There’s something about Venice that makes you believe in possibility, in the human capacity to accomplish anything. That people can not only live, but thrive in these marshy lagoons is a testament to our ability to adapt and overcome.

The dynamic struggle between man and the sea plays out in dramatic fashion here on a daily basis in a thousand different ways. It is a city of great contradictions — a place of shifting tides, a place in between land and water, a place that shouldn’t exist. Venice is inexorably sinking, millimeter by millimeter, year after year; yet the city feels more alive than ever.

My wife and I arrived in Venice on the heels of a wonderful weekend celebrating the wedding of some close friends of ours on nearby Lake Garda. We had only a single day before catching our flight back home and had already seen the “must-do’s” on a previous trip, so we resolved to spend the day walking the city, cameras in hand, no agenda in mind.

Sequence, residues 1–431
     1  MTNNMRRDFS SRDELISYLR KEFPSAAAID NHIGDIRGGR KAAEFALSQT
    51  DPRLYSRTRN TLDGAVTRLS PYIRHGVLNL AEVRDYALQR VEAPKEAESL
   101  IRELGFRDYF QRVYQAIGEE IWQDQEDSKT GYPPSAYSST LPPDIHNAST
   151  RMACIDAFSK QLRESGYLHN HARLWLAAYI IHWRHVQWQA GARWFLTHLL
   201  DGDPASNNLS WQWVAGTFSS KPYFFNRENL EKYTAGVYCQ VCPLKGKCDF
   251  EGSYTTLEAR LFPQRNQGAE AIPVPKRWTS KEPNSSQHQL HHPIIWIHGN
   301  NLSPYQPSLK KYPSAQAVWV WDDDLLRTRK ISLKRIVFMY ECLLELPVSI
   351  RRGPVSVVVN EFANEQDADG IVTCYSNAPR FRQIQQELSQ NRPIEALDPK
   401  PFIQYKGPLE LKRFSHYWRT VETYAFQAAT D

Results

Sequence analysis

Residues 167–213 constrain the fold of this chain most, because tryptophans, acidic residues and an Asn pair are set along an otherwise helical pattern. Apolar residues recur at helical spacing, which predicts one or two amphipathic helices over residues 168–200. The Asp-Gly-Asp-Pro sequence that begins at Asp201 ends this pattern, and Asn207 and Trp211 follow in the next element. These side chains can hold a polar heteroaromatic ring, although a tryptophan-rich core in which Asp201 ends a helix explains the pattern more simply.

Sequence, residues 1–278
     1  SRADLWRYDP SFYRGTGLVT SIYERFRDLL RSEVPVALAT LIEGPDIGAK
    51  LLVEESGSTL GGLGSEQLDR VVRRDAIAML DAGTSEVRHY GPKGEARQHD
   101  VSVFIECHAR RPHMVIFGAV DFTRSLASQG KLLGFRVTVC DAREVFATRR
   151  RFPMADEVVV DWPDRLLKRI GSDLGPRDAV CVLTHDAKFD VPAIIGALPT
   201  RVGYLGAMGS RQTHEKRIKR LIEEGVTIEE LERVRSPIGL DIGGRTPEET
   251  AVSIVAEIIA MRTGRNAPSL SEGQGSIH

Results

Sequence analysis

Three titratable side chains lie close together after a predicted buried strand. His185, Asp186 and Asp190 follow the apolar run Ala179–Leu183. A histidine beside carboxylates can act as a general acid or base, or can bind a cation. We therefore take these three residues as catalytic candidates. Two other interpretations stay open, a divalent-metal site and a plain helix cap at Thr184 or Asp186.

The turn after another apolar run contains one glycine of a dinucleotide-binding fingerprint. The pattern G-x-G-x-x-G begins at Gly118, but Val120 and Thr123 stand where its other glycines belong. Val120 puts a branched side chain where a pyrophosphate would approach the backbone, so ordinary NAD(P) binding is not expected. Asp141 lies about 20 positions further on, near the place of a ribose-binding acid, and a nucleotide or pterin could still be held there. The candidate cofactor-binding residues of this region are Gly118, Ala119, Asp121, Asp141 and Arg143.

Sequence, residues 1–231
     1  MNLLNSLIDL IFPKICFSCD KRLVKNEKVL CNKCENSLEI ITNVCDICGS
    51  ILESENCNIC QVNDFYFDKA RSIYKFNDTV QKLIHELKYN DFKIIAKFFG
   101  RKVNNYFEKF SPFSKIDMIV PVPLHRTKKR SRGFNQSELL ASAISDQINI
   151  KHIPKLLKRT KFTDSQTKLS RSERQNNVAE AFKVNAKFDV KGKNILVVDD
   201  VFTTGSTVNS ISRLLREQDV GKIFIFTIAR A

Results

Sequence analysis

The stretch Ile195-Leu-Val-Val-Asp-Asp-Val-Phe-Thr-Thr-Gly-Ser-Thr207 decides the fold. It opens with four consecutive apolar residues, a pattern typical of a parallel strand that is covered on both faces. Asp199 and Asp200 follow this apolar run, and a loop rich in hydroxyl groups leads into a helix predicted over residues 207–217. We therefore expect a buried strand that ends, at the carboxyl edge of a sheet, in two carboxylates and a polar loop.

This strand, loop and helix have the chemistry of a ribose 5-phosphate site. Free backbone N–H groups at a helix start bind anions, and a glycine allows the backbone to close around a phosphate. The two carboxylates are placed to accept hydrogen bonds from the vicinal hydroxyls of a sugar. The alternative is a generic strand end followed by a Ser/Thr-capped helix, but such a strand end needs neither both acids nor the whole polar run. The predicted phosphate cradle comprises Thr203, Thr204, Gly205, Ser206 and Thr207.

Sunrise is my favorite part of the day when I travel. Walking through the streets as the rest of the world sleeps is exhilarating; it’s nature’s espresso (I highly recommend drinking actual espresso at some point as well — sunrise is early!). We started our day with St. Mark’s Square, “the drawing room of Europe” as Napoleon famously called it, all to ourselves, relishing the early morning light slowly painting the arches and cobblestones gold.

There was only so much relishing I could do before I decided to take my drone up for a spin. I’m a big proponent of flying a drone in tourist destinations early in the morning when there aren’t other people around. It’s safer and much more stress-free.  As I flew over the Grand Canal, I marveled at the layout of the buildings and canals. A bird’s-eye view (in this case either a seagull or pigeon would be the appropriate bird) gave me a wonderful new perspective of the timeless city.